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The Karoo and Ferrar Large Igneous Provinces (LIPs) are two large igneous provinces in Southern Africa and Antarctica respectively, collectively known as the Karoo-Ferrar, Gondwana,[1] or Southeast African LIP,[2] associated with the initial break-up of the Gondwana supercontinent at c. 183 Ma. Its flood basalt mostly covers South Africa and Antarctica but portions extend further into southern Africa and into South America, India, Australia and New Zealand.[3]

Karoo-Ferrar formed just prior to the breakup of Gondwana in the Lower Jurassic epoch, about 183 million years ago; this timing corresponds to the early Toarcian anoxic event and the Pliensbachian-Toarcian extinction.[4] It covered about 3 x 106 km2.[5] The total original volume of the flow, which extends over a distance in excess of 6000 km (4000 km in Antarctica alone), was in excess of 2.5 x 106 km³ (2.5 million cubic kilometres).[6]

The Ferrar LIP is notable for long distance transport and the Karoo LIP for its large volume and chemical diversity.[1]

The igneous activity of the Karoo LIP began c. 204 Ma at the northern margin of the province. The long-lasting Chon-Aike Province in Patagonia, the Antarctic Peninsula, and Ellsworth Land was activated c. 190 Ma in an unstable tectonic environment in which both extension and subduction occurred. Chon-Aike had a peak between 183 to 173 Ma but produced continued magmatism between 168 to 141 Ma. By 184 to 175 Ma the Karoo magmatism had spread to Namibia, Lesotho, Lebombo, and the Ferrar province in Antarctica. The Karoo LIP ended 145 Ma with peripheral eruptions in Patagonia, the Antarctica Peninsula, northern South Africa, Kerala in India, and southeast Australia. The Karoo Province uplifted southern Africa c. 1.5 km (0.93 mi) and broke East Gondwana (India, Antarctica, and Australia) away from West Gondwana (South America and Africa) beginning in the opening of the Weddell Sea.[7]

In the Cretaceous, some 15 million years after the last Karoo eruption, renewed magmatism was initiated between Mary Byrd Land in Antarctica and New Zealand from where it spread along Gondwana's southern margin, from eastern Australia to the Antarctic Peninsula. Isotopic dating suggests a series of igneous events at 133–131, 124–119, and 113–107 Ma in Australia; 110–99 Ma in Mary Byrd Land; 114-109 and 82 Ma in New Zealand; and 141 and 127 Ma in the Antarctic Peninsula. This phase of magmatism resulted in extension and rift between Australia and Antarctica, Australia and Lord Howe Rise, and Mary Byrd Land and New Zealand.[8]

Ferrar Supergroup[edit]

According to Robert John Pankhurst, "The Ferrar Supergroup is well known as being representative of a Middle Jurassic (and partly later), Gondwana-wide continental flood basalts event which includes Tasmanian dolerites, the Karoo Supergroup of southern Africa and the Serra Geral basalts of central South America." These continental tholeiites are indicative of a large-scale extensional rift system and associated Middle Jurassic magmatic activity linked to the break-up of Gondwana 25 m.y. later, when East Antarctica separated from Africa, and the Mozambique Basin opened. Included in the supergroup are the Ferrar Dolerite sills and dykes, the Kirkpatrick Basalts, and the volcanogenic Carapace Sandstone and Mawson Formation.[9][10][11][12]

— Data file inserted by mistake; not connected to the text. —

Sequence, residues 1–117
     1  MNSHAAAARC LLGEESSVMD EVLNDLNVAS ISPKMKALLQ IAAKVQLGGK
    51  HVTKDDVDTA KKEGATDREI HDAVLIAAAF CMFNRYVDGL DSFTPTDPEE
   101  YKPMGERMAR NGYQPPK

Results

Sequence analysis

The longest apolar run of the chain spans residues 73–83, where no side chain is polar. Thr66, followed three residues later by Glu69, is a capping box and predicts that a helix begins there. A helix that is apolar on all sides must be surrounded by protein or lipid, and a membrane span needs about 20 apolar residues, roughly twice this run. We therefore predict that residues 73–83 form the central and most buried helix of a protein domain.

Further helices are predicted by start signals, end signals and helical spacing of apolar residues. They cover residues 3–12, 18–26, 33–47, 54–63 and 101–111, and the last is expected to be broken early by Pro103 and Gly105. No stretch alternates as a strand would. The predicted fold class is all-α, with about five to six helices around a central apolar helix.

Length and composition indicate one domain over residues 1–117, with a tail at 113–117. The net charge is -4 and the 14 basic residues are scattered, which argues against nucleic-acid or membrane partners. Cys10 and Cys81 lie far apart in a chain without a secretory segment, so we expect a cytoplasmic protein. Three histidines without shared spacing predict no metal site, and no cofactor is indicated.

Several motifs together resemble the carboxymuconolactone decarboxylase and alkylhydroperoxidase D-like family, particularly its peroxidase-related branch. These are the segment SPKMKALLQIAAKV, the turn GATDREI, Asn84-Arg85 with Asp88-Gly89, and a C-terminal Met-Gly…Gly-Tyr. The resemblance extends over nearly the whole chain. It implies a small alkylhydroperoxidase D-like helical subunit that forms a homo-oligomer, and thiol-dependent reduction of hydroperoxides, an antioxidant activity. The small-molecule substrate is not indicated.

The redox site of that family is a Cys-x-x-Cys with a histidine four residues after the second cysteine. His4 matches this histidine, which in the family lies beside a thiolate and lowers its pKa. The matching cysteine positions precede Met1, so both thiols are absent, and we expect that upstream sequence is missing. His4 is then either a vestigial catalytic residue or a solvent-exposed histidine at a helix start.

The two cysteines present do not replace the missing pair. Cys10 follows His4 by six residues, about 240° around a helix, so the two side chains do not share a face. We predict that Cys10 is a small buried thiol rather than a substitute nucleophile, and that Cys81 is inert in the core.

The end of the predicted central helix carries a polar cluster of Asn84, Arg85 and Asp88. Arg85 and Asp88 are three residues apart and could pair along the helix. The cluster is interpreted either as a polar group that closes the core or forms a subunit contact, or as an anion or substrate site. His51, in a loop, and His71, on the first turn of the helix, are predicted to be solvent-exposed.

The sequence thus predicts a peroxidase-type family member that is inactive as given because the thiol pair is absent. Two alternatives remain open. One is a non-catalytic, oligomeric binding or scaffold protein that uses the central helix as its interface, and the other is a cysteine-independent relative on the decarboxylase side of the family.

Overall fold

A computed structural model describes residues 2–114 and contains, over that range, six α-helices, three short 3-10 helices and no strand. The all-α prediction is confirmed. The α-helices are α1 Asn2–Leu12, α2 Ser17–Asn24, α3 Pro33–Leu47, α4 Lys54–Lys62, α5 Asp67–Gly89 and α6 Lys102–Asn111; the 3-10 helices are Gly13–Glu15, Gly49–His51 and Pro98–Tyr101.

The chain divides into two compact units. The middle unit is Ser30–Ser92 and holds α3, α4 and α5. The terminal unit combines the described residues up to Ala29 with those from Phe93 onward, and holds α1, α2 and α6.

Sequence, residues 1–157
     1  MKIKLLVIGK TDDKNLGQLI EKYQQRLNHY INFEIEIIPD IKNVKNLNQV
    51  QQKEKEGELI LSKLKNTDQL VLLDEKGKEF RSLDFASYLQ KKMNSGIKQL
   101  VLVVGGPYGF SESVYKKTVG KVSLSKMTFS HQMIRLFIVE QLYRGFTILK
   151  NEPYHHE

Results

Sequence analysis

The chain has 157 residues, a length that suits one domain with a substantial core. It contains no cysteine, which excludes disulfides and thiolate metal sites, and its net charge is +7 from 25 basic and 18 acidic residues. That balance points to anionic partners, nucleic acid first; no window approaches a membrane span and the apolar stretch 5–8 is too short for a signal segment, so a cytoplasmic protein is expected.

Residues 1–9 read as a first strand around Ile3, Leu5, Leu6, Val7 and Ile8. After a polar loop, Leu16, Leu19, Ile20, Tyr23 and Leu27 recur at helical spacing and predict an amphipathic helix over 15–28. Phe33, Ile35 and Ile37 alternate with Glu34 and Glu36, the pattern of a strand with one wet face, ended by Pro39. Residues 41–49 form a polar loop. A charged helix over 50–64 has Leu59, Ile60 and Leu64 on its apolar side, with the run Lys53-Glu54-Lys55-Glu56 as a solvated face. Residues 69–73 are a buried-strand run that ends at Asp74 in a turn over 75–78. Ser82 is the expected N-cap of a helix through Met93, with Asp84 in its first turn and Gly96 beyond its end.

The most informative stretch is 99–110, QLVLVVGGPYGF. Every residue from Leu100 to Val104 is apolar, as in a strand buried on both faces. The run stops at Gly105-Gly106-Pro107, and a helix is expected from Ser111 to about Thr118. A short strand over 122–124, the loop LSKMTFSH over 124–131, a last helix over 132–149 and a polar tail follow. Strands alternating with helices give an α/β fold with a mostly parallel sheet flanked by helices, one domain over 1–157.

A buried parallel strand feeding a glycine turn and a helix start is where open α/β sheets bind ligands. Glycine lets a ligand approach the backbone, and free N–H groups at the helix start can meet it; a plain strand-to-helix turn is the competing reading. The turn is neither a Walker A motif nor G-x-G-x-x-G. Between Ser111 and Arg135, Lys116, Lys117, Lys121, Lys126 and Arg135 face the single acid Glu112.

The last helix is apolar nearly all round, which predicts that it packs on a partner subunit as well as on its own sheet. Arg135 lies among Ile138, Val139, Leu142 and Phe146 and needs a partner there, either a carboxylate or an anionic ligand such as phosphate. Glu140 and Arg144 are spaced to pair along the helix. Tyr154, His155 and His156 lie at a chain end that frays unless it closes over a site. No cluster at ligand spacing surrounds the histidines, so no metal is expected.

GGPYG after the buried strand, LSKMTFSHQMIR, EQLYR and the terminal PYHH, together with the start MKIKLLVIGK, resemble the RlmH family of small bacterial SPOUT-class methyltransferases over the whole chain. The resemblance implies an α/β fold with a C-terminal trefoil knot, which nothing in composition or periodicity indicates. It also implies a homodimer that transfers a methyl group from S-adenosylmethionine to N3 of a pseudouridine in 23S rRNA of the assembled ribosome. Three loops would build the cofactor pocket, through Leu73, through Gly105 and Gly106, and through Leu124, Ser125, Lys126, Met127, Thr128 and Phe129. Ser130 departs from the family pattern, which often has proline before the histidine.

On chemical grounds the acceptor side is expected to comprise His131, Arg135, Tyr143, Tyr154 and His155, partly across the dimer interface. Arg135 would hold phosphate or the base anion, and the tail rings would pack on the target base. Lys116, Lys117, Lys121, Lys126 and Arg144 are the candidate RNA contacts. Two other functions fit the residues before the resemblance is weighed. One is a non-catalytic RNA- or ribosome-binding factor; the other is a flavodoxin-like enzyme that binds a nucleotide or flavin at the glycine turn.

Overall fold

See also[edit]


  1. ^ a b E.g. Elliot et al. 2001
  2. ^ E.g. Gohl, Uenzelmann-Neben & Grobys 2011
  3. ^ Segev 2002, Fig. 5, p. 176
  4. ^ Jourdan et al. 2005, Relation with mass extinction, p. 748
  5. ^ Jourdan et al. 2005, Geological setting, p. 745
  6. ^ Courtillot & Renne 2003, The Karoo and Farrar provinces, p. 124
  7. ^ Segev 2002, The first tectonomagmatic period in southern Gondwana – the Karoo province, pp. 175–176
  8. ^ Segev 2002, The Cretaceous Marie Byrd Land – Eastern Australia province, pp. 176–178
  9. ^ Pankhurst, R.J.; Storey, B.C.; Millar, I.L. (1991). Thomson, M.R.A.; Crame, J.A.; Thomson, J.W. (eds.). Magmatism related to the break-up of Gondwana, in Geological Evolution of Antarctica. Cambridge: Cambridge University Press. pp. 577–578. ISBN 9780521372664.
  10. ^ Tingey, R.J. (1991). Tingey, Robert (ed.). Mesozoic tholeiitic igneous rocks in Antarctica: the Ferrar (Super) Group and related rocks, in The Geology of Antarctica. Oxford: Clarendon Press. pp. 153–174. ISBN 0198544677.
  11. ^ Riley, Teal; Flowerdew, Michael; Pankhurst, Robert; Curtis, Mike; Millar, Ian; Fanning, C. Mark; Whitehouse, Martin (2017). "Early Jurassic magmatism on the Antarctic Peninsula and potential correlation with the Subcordilleran plutonic belt of Patagonia". Journal of the Geological Society. 174 (2): 365–376. doi:10.1144/jgs2016-053. S2CID 132402764. Retrieved 17 December 2019.
  12. ^ Barrett, P.J. (1991). Tingey, Robert (ed.). The Devonian to Jurassic Beacon Supergroup of the Transantarctic Mountains and correlatives in other parts of Antarctica, in The Geology of Antarctica. Oxford: Clarendon Press. pp. 122–123, 129, 145. ISBN 0198544677.